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Vulnerability to false memory: The effects of stress, imagery, trait anxiety, and depression

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There is now abundant evidence that false memories can be created inside and outside the laboratory, and much is known about the kinds of techniques and manipulations that encourage the creation of false memories. However, rather less is known about the influence of naturally occurring variables over which the experimenter or clinician has little or no control. The current study investigated the influence of some of these variables on false memory creation. The influence of individual differences in depression, trait anxiety, imagery vividness and the interaction of these factors with stress was studied. Subjects studied series of pictures and words and then attempted to recall all the pictures presented, at a low-stress time and then later at a high-stress time. Intrusions from words at recall were the false memories in this study. Subjects who experience more vivid imagery were more vulnerable to false memories when they were stressed. Low trait anxious subjects were more likely to assign remember judgement to a false memory when they were stressed. These findings are discussed in terms of the source monitoring framework and implications for clinical practice.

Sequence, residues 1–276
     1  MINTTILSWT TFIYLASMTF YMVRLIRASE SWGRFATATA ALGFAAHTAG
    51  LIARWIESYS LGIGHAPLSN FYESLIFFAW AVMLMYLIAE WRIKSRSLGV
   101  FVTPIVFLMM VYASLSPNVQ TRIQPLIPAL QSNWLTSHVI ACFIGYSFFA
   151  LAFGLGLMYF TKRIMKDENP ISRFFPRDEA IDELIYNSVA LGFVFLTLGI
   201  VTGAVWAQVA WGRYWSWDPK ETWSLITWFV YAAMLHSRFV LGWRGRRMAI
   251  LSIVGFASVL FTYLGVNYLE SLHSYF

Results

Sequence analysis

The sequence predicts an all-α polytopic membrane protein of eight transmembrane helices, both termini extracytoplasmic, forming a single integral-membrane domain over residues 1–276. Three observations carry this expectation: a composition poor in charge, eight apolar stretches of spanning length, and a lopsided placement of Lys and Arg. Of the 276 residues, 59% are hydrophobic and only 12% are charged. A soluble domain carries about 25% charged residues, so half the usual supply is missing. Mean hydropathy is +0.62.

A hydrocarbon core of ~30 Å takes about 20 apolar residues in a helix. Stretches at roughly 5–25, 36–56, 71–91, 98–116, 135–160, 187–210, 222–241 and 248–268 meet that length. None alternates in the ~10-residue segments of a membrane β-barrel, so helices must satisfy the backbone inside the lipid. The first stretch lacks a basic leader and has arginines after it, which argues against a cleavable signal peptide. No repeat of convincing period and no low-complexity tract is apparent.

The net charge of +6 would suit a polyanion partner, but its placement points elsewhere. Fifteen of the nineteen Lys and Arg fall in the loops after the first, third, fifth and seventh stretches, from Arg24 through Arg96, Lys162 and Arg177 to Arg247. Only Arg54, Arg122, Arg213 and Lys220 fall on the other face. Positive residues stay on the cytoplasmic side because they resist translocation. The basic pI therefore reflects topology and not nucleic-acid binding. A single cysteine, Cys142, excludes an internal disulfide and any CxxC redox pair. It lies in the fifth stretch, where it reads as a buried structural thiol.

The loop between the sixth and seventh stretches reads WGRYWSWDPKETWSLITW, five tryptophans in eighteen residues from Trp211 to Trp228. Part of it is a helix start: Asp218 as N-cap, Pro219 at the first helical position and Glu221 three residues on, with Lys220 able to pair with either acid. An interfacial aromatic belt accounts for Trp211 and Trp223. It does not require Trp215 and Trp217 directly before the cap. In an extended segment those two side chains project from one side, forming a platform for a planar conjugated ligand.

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Correspondence to Paul Roberts.

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The author thanks Ainslie Lown for help in collecting and analyzing data from the first part of this study.

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Roberts, P. Vulnerability to false memory: The effects of stress, imagery, trait anxiety, and depression. Curr Psychol 21, 240–252 (2002).

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